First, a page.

Pixar could make a movie about chewing gum and it would be a blockbuster success. I wonder who the brave soul was who walked into the producer’s office and said, “So… I’m thinking… talking fish…” Finding Nemo is a family classic not just because it’s “safe” for kids to watch, but because it explores the fear, disappointment, and bravery that every family member, at some point, has to face, whether they live in suburbia or under da sea. Finding Nemo is visually gorgeous, brilliantly-cast, exciting, and from about two minutes in until the very end it’s all about the feels.
The story is literally about finding a fish named Nemo. Marlin (Albert Brooks), an overprotective father and clownfish, loses his son, Nemo (Alexander Gould), to an Australian diver exploring the coral reef. This diver/dentist takes Nemo to his office in Sydney and drops the scared little fish into his wildly colourful (in décor and population) fish tank. From the instant his son is taken, Marlin himself dives into a mission to save his son, leaving his home for the dark, wide, dangerous depths of the ocean. Marlin is joined by the notoriously forgetful Dory (Ellen DeGeneres), who is simultaneously as slow as a brick and wiser than King Solomon. The pair battle sharks, jellyfish, whales, seagulls, and leagues upon leagues of ocean to find Elmo/Cheko/Bingo/Nemo.
Is this movie only about a fish finding another fish? No. The title works on many levels. On the surface, Marlin is physically searching for Nemo, but mentally he’s also discovering who his son really is – a clownfish capable of making his own decisions and tripping over his own mistakes. Finding Nemo is also a journey of self-discovery and personal growth for all of the central characters. In hindsight, losing Nemo was the best thing to ever happen to the Marlin-Nemo family and everyone associated with them. The Indian Ocean is a happier place thanks to Australian fishnappers, instinct-defying sharks, and gossiping pelicans.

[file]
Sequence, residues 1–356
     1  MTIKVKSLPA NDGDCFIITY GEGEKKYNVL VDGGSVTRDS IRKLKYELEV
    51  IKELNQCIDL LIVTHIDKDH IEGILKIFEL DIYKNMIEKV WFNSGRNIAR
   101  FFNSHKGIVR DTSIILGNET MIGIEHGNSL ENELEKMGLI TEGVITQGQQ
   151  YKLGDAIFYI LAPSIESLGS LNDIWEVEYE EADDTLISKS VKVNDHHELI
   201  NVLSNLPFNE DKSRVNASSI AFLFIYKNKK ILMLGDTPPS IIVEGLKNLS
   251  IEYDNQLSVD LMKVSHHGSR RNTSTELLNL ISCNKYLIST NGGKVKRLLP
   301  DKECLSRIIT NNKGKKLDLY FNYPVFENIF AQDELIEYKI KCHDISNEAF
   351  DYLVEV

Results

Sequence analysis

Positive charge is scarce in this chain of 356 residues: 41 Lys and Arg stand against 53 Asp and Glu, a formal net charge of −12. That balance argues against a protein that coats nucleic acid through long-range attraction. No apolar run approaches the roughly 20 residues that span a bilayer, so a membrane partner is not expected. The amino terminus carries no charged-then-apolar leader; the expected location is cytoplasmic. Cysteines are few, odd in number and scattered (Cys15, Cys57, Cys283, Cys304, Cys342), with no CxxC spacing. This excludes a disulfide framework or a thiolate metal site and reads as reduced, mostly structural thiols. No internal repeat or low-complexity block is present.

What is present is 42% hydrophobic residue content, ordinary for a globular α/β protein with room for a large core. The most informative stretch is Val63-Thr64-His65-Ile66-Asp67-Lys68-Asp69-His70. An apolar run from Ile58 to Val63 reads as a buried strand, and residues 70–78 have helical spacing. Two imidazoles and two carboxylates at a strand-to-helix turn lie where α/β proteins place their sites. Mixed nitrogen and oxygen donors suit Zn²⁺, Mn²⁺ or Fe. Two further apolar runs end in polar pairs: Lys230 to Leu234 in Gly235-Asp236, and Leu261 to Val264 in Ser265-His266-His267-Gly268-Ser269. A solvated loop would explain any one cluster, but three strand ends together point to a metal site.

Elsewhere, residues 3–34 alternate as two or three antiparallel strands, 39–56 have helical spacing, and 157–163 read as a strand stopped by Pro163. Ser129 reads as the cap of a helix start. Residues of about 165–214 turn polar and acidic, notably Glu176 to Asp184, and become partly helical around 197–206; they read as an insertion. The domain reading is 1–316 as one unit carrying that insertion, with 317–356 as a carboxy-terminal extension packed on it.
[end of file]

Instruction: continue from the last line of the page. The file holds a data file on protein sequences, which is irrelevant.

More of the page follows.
While Finding Nemo is an emotional journey from scene one to credits, there’s also a healthy dose of hilarity. The fish in the tank, for one, have clearly spent too much time being fish in a tank. With the dentistry techniques they’ve meticulously studied through their glass walls, watching their master daily as he pulls teeth and performs root canals, any one of these fish could easily open their own practice. If not for the lack of appendages, discomfort on land, and possible difficulty in advertising to clients, I would have absolute faith in the success of their business. To these fish, the world is the size of a box – which has clearly contributed to their various psychological disorders – but nevertheless, they are positive mentors to Nemo, teaching him to find himself and thus adding yet another meaning to that significant title, Finding Nemo.
The film is also packed with countless quotable lines and moments, like Dory’s firm belief in her ability to speak whale (it took several years to convince my Father that it was not okay to mimic her technique in public). But, the best detail for me has to be the seagulls. Finding Nemo has the greatest representation of seagulls I have ever seen on screen. Including movies with actual living seagulls in them. This film may have been made in 2003, but I still reference the part where the seagulls fly into the sailcloth on a regular basis.
Finding Nemo is sweet, meaningful, strong (emotionally and in plot), and a growing experience for both characters and viewers. Each species is animated with a unique personality trait which fits so well with the species in question that I have ever since attached surfer-dude voices to turtles and rough-em-up Australian accents to crabs. All the laughs and all the feels make Finding Nemo a 10/10 and no surprise there’s talk of a sequel for 2016.
Note: there’s a ten second clip after the credits.